# proof of Banach fixed point theorem

Let $(X,d)$ be a non-empty, complete metric space, and let $T$ be a contraction mapping on $(X,d)$ with constant $q$. Pick an arbitrary $x_{0}\in X$, and define the sequence $(x_{n})_{n=0}^{\infty}$ by $x_{n}:=T^{n}x_{0}$. Let $a:=d(Tx_{0},x_{0})$. We first show by induction that for any $n\geq 0$,

 $d(T^{n}x_{0},x_{0})\leq\frac{1-q^{n}}{1-q}a.$

For $n=0$, this is obvious. For any $n\geq 1$, suppose that $d(T^{n-1}x_{0},x_{0})\leq\frac{1-q^{n-1}}{1-q}a$. Then

 $\displaystyle d(T^{n}x_{0},x_{0})$ $\displaystyle\leq$ $\displaystyle d(T^{n}x_{0},T^{n-1}x_{0})+d(x_{0},T^{n-1}x_{0})$ $\displaystyle\leq$ $\displaystyle q^{n-1}d(Tx_{0},x_{0})+\frac{1-q^{n-1}}{1-q}a$ $\displaystyle=$ $\displaystyle\frac{q^{n-1}-q^{n}}{1-q}a+\frac{1-q^{n-1}}{1-q}a$ $\displaystyle=$ $\displaystyle\frac{1-q^{n}}{1-q}a$

by the triangle inequality and repeated application of the property $d(Tx,Ty)\leq qd(x,y)$ of $T$. By induction, the inequality holds for all $n\geq 0$.

Given any $\epsilon>0$, it is possible to choose a natural number $N$ such that $\frac{q^{n}}{1-q}a<\epsilon$ for all $n\geq N$, because $\frac{q^{n}}{1-q}a\to 0$ as $n\to\infty$. Now, for any $m,n\geq N$ (we may assume that $m\geq n$),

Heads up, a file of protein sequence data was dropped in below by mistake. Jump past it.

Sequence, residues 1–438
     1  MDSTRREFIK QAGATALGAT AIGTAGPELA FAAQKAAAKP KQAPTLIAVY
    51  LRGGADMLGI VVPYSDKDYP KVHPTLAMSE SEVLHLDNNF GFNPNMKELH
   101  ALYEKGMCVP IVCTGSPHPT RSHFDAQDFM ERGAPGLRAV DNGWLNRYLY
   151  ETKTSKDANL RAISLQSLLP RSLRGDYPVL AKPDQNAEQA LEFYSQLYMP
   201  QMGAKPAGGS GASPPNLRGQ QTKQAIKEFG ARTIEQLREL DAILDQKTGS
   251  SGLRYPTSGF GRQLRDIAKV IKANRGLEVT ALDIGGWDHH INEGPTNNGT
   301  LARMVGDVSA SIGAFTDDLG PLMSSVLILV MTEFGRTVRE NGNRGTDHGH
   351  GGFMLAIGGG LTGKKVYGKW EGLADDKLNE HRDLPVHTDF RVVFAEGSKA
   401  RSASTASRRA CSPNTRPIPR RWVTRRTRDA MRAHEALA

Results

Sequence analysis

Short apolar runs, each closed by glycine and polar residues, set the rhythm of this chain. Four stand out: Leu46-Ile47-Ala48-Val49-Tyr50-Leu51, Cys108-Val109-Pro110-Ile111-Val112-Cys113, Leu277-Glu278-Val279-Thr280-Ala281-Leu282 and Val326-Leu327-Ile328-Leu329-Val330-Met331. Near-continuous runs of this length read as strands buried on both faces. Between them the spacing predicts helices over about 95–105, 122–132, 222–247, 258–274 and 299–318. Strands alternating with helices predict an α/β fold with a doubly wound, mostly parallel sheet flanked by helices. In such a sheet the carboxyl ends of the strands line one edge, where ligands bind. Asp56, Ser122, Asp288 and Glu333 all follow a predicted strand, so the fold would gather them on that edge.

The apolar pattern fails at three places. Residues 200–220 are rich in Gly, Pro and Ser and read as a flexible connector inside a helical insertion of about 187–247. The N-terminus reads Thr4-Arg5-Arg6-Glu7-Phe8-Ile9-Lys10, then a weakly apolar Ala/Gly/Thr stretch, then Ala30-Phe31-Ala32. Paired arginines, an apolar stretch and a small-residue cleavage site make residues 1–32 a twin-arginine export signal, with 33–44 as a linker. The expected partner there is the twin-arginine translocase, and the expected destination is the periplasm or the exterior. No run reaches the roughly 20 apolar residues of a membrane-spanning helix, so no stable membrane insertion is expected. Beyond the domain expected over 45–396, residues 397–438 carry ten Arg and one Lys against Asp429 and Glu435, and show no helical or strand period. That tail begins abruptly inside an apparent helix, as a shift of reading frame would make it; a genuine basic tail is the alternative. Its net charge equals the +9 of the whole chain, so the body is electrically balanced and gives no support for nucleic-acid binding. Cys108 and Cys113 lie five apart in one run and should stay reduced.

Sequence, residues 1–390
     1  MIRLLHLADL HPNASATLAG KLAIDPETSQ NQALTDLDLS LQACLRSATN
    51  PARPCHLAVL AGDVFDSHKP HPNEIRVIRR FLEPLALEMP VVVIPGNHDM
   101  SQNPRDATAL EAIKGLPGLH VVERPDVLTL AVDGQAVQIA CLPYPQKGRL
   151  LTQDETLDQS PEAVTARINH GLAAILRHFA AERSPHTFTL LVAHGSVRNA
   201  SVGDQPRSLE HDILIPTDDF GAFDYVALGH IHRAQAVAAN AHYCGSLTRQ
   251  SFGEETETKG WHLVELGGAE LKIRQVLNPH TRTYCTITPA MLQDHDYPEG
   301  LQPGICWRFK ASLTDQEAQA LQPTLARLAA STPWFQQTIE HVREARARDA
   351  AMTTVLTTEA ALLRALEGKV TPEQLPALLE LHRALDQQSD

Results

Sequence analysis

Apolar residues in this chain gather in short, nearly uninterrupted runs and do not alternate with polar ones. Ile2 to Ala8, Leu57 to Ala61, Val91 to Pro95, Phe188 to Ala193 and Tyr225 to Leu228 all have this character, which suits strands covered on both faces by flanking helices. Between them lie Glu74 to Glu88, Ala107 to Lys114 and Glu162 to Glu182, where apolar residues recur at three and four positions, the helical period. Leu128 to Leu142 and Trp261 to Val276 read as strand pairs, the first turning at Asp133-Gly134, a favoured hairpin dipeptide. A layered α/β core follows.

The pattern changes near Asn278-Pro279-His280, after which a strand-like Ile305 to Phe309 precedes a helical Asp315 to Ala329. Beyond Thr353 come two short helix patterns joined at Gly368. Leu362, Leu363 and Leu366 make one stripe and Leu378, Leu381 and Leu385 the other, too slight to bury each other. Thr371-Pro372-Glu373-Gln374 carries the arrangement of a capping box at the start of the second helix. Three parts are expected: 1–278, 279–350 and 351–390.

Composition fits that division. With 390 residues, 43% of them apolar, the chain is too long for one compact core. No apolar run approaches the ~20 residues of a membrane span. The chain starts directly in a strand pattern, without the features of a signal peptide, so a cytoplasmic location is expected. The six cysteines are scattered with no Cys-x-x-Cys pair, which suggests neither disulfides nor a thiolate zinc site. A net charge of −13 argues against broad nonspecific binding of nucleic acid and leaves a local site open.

$\displaystyle d(x_{m},x_{n})$ $\displaystyle=$ $\displaystyle d(T^{m}x_{0},T^{n}x_{0})$ $\displaystyle\leq$ $\displaystyle q^{n}d(T^{m-n}x_{0},x_{0})$ $\displaystyle\leq$ $\displaystyle q^{n}\frac{1-q^{m-n}}{1-q}a$ $\displaystyle<$ $\displaystyle\frac{q^{n}}{1-q}a<\epsilon,$

so the sequence $(x_{n})$ is a Cauchy sequence. Because $(X,d)$ is complete, this implies that the sequence has a limit in $(X,d)$; define $x^{*}$ to be this limit. We now prove that $x^{*}$ is a fixed point of $T$. Suppose it is not, then $\delta:=d(Tx^{*},x^{*})>0$. However, because $(x_{n})$ converges to $x^{*}$, there is a natural number $N$ such that $d(x_{n},x^{*})<\delta/2$ for all $n\geq N$. Then

 $\displaystyle d(Tx^{*},x^{*})$ $\displaystyle\leq$ $\displaystyle d(Tx^{*},x_{N+1})+d(x^{*},x_{N+1})$ $\displaystyle\leq$ $\displaystyle qd(x^{*},x_{N})+d(x^{*},x_{N+1})$ $\displaystyle<$ $\displaystyle\delta/2+\delta/2=\delta,$

contradiction. So $x^{*}$ is a fixed point of $T$. It is also unique. Suppose there is another fixed point $x^{\prime}$ of $T$; because $x^{\prime}\neq x^{*}$, $d(x^{\prime},x^{*})>0$. But then

 $d(x^{\prime},x^{*})=d(Tx^{\prime},Tx^{*})\leq qd(x^{\prime},x^{*})

contradiction. Therefore, $x^{*}$ is the unique fixed point of $T$.

Title proof of Banach fixed point theorem ProofOfBanachFixedPointTheorem 2013-03-22 13:08:34 2013-03-22 13:08:34 asteroid (17536) asteroid (17536) 5 asteroid (17536) Proof msc 54A20 msc 47H10 msc 54H25